This past week, I had a conflict come up with my partner as we were going to sleep. I was feeling sad, and my sadness triggered his anger. He said something to that effect, and I was instantly triggered. A sentence rose in my mind, something along the lines of “I give you support when you feel sad.” Behind those words was the accusation that he didn’t do the same. I KNEW that speaking these words was absolutely in the wrong direction of NVC. I held this sentence in my body, willing myself not to speak it- but the energy of holding it in was excruciating, and it ended up squeaking out of my mouth. Of course, it went downhill from there. Throughout the next couple days, I kept returning to that moment where I had been thinking: ‘Don’t say it. It’s not going to help anything. It’s not NVC, and he’s not even in a place where he can listen.’ And somehow, I said it anyway. My prediction was that he would get even more angry, and my prediction ended up being correct. Why would I say it to him if I had known that it would only make things worse?
Gratefully, I didn’t berate myself for speaking that sentence. In the past I might have gotten upset with myself for “doing something I knew I shouldn’t have done”. Now, I can recognize that I clearly didn’t know that I shouldn’t do it- because I did do it. This means that part of me did in fact want to say it. Admitting that feels validating to a certain part of my consciousness. When I can recognize that part of me wanted to say this accusatory sentence, I can go deeper and find the underlying needs I had in that moment. I had already been feeling sad that evening; I was needing love and empathy. Then when he became upset, I felt anger and fear. My need for empathy became desperate, which triggered my old programming of ‘blaming’ to get what I want. In my highest consciousness, I know this program doesn’t get the results I want; however, it’s very ingrained in my unconscious mind that shaming equals control.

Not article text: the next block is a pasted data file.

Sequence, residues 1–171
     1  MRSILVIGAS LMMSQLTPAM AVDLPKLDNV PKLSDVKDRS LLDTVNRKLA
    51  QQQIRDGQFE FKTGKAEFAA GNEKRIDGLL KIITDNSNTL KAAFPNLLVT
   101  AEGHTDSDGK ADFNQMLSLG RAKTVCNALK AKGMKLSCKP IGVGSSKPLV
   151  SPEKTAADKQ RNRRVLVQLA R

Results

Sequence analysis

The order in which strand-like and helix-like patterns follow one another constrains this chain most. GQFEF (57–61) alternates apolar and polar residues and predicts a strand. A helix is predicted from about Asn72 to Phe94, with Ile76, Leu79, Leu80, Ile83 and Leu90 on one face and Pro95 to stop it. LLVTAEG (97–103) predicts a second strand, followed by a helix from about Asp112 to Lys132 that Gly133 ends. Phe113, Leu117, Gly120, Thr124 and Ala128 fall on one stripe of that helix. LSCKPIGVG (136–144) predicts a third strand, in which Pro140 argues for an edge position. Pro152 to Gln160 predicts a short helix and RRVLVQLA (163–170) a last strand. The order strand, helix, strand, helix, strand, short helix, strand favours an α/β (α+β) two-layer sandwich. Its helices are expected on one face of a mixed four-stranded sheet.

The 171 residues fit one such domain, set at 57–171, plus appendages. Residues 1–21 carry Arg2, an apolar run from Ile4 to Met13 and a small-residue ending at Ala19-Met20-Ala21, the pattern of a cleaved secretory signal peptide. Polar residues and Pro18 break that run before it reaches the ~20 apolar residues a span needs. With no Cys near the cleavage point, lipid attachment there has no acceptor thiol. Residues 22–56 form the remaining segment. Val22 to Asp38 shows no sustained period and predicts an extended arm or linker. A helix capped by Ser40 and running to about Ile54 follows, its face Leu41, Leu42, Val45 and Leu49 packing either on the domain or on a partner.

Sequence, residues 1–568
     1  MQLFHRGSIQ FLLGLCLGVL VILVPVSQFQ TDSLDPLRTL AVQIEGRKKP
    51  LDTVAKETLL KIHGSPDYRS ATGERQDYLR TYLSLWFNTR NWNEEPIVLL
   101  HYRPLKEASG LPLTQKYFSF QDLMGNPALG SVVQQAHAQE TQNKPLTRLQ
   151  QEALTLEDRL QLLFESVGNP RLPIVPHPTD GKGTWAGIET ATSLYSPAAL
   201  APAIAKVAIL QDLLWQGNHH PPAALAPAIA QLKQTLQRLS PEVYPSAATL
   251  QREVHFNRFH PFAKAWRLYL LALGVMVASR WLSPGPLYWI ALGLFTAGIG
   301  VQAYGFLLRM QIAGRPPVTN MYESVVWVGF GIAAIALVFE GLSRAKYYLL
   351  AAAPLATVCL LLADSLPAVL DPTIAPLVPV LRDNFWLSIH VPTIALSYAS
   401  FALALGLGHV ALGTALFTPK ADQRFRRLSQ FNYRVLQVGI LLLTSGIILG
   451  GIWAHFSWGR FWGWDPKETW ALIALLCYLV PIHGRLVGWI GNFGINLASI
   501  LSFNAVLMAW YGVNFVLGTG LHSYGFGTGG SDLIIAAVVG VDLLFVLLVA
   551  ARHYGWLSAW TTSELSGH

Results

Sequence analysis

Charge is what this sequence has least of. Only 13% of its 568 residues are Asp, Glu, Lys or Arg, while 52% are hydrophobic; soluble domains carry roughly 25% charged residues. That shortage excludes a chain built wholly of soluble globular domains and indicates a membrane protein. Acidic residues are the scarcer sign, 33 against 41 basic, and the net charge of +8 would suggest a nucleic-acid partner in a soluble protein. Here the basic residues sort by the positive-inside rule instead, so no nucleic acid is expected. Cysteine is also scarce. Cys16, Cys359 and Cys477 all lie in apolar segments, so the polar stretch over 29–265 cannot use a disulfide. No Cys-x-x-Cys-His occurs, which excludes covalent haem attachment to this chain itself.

In that moment, I really needed empathy. I was so desperate for it that I couldn’t keep my mouth closed. I felt urgency around being heard and receiving validation. I resorted to unconscious behaviors. There was also an element of the situation feeling “unfair” that made me choose to “stick up for myself” (how I saw it in my mind) versus not say anything and try to stay connected. I see this as experience as taking action to try to meet my needs for empathy and respect. I celebrate those needs and my attempt to get them met, and I also mourn the unmet nature of my needs for integrity and respect. After I said the sentence, my partner felt threatened and left the room. I continued to lay in bed, and pretty quickly connected with myself and my true intentions for love and connection. I was able to soothe myself and after my partner did the same, we reconnected with shy smiles and apologies.
I’m grateful for this experience because next time I recognize that what I am about to say won’t be grounded in intention for connection, I can reflect on this experience and try to give myself empathy instead of seeking it externally. If it’s my need for respect that is in question, I can see that taking some space to be alone and soothe myself is the best action. It’s not often that I have the experience of wanting to say something accusatory and also know that it won’t be beneficial. I see this as a measurement of growth; I am becoming more conscious about the intention and effect of my communication.